The purpose of the similarity information in the CALLS data dictionary is to help the user easily identify equivalent variables across the 3 LSs for use in a combined study. As the 3 LSs have data dictionaries that were created independently, there is some variation in the structure, naming convention, descriptions and number of variables. Therefore variable matches are not always available, and many that are require a degree of data manipulation in order to make them compatible.
The colour-coded similarity score scale is an indicator of the level of variable compatibility between the variable selected in the data dictionary and the variables listed in the ‘Similar variables in other LSs’ section of the variable’s description.
Variables have been compared pairwise between each of the LSs and rated on a ‘traffic lights’ coloured 9-point similarity scale as follows:
No match found in other LSs, but some guidance notes given
Question wording similar, but categories incompatible
Question wording similar, categories may be aggregated to a common basis
Question wording similar, only minor differences in categories
Question wording similar, categories identical/near identical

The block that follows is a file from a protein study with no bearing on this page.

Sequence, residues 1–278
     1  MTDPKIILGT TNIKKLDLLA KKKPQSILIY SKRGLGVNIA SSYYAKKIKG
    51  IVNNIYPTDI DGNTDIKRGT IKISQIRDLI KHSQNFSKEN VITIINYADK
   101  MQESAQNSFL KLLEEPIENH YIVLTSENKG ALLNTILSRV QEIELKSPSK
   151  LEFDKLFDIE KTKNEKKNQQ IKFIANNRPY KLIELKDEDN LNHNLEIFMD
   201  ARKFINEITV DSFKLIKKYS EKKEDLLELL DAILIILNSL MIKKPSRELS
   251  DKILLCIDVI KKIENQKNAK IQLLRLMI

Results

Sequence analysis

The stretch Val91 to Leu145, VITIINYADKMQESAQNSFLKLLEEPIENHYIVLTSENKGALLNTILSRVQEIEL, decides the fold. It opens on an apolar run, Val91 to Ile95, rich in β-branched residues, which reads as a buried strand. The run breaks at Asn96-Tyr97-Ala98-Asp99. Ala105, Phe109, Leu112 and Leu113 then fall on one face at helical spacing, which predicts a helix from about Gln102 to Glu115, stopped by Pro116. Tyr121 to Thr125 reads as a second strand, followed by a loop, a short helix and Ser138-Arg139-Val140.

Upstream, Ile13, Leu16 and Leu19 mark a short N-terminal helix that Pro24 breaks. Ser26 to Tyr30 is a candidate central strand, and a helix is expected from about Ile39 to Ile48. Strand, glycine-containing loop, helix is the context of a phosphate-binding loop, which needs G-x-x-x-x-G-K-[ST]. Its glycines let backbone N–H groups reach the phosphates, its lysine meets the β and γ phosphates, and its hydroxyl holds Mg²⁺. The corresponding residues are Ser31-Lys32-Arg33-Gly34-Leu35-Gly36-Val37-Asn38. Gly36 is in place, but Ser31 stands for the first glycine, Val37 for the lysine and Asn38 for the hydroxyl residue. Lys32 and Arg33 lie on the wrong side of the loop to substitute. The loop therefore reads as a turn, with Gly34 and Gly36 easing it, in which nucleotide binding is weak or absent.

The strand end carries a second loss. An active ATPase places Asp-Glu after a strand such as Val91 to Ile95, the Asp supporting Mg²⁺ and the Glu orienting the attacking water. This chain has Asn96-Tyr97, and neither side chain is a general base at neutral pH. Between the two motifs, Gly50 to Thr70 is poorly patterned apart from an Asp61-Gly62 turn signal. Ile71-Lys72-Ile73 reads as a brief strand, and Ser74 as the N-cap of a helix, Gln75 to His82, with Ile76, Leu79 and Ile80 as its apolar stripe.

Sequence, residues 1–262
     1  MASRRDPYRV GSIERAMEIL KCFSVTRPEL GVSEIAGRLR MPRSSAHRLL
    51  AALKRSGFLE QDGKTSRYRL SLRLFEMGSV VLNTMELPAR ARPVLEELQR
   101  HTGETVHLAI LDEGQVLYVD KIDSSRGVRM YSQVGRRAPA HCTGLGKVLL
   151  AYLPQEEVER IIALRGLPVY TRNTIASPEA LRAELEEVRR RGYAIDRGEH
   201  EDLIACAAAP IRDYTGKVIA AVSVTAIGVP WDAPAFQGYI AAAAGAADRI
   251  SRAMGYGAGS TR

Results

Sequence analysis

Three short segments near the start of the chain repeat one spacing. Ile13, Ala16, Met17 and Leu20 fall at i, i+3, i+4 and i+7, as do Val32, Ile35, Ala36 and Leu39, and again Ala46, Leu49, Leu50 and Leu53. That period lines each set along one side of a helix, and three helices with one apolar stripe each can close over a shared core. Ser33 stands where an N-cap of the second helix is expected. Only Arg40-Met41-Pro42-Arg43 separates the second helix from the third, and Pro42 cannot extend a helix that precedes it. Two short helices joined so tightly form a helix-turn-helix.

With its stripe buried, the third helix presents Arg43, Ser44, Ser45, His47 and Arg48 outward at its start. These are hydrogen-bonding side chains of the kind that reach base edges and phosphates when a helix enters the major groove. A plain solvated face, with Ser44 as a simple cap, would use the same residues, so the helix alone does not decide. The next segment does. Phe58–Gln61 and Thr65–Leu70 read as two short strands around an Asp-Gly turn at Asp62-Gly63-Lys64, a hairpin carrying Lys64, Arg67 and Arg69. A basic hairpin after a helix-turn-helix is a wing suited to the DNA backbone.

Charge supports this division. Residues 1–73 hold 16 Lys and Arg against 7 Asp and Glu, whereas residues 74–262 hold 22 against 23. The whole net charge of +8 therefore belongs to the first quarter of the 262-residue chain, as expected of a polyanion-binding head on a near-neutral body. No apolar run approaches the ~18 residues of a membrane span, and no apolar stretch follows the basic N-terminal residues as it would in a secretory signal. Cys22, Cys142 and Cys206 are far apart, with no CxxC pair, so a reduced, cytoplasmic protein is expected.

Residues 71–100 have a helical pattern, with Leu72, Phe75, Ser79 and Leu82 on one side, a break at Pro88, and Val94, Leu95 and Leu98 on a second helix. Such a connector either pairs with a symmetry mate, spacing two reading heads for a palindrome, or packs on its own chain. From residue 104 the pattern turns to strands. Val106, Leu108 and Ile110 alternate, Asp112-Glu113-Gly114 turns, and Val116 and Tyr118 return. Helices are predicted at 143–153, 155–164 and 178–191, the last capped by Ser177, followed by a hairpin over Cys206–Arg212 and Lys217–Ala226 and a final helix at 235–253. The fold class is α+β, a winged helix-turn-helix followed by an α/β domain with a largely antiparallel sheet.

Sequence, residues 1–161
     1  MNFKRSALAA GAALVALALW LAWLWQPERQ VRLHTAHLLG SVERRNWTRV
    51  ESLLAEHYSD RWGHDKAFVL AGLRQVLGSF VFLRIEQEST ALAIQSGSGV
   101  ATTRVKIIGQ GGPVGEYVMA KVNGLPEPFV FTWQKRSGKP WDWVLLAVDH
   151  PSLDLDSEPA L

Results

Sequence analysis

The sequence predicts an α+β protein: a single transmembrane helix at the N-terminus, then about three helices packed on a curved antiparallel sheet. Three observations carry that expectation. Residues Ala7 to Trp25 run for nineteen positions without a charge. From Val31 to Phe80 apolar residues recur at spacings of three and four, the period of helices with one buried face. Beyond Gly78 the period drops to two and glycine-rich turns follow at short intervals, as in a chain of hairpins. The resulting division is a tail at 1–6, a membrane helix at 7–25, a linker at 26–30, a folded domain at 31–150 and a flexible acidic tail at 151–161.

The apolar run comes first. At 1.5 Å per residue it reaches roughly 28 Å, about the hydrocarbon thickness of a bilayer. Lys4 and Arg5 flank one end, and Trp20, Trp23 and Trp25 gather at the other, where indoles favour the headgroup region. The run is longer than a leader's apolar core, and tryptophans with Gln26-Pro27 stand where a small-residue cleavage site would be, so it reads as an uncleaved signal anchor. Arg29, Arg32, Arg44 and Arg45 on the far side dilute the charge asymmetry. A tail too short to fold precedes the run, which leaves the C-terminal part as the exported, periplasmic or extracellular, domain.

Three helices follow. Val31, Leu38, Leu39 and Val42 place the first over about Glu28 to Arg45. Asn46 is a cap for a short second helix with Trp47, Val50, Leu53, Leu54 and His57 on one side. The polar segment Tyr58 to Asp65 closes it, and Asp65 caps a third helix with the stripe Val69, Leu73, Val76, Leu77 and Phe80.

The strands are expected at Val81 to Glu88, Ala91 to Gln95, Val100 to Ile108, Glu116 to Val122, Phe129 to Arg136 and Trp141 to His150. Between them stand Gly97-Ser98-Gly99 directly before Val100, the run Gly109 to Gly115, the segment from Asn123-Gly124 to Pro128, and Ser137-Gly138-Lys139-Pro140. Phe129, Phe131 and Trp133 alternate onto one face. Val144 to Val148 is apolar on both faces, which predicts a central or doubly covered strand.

Question wording identical, but categories incompatible
Question wording identical, categories may be aggregated to a common basis
Question wording identical, only minor differences in categories
Question wording identical, categories identical/near identical
Click here for a list of general rules used to apply the similarity scale to particular variable comparisons.
The column headed ‘Similar’ in the search results page indicates whether a similarity score exists for that variable.
note – There are examples of variables which might not have a single equivalent variable match but by using combinations of variables, it would be possible to compare across LSs to a common basis. The similarity scoring is designed to help direct researchers when using more than one LS but it should not be viewed as an exhaustive list of all possible permutations.
April 8 - April 9, 2019 at Queen's University, Belfast